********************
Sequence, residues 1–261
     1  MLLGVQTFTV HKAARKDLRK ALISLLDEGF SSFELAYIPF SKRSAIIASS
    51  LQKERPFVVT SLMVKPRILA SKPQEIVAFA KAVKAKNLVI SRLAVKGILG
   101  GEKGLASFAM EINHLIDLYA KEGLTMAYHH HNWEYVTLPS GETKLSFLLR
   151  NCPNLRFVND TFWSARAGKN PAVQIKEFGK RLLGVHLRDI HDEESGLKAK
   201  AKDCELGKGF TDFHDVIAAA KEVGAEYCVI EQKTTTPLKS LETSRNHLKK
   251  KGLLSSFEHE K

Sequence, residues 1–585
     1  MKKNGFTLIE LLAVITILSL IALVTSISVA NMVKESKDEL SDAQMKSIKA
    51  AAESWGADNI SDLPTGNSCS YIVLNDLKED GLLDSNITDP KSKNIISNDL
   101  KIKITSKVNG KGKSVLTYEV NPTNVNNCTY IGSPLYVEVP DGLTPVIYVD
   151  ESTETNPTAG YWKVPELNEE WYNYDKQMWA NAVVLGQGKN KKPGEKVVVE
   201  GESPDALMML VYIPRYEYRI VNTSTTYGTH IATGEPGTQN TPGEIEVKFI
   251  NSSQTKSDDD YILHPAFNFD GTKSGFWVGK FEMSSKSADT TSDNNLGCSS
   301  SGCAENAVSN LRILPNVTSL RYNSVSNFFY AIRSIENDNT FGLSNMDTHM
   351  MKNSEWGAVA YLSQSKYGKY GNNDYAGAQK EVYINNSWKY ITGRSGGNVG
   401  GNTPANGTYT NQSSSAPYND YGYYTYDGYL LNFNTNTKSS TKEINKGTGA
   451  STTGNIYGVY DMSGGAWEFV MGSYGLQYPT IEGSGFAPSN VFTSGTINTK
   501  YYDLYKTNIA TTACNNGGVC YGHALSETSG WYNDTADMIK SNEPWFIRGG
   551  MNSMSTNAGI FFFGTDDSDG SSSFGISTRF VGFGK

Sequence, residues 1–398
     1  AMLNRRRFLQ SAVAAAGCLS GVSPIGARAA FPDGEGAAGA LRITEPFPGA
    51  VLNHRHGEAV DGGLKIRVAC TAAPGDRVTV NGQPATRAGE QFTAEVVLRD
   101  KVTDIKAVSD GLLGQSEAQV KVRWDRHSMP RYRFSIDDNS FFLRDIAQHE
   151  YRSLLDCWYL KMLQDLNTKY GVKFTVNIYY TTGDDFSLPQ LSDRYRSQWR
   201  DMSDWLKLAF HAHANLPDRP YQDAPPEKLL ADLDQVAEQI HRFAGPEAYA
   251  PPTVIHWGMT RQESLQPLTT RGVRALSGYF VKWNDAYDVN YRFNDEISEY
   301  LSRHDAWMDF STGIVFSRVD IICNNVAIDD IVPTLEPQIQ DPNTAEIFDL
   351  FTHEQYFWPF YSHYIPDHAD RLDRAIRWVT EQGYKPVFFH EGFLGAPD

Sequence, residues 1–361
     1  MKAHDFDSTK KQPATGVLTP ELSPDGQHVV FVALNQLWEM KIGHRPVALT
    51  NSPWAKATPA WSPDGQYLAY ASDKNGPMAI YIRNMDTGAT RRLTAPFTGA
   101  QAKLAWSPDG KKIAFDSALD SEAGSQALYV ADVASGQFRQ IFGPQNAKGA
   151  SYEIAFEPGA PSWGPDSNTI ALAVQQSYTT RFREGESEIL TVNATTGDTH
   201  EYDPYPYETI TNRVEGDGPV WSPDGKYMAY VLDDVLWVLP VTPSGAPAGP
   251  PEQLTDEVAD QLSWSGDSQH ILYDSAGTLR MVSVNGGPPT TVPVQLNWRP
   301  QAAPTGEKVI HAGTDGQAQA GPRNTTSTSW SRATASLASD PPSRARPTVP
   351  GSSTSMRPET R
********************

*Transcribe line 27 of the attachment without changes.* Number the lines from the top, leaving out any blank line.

   251  PPTVIHWGMT RQESLQPLTT RGVRALSGYF VKWNDAYDVN YRFNDEISEY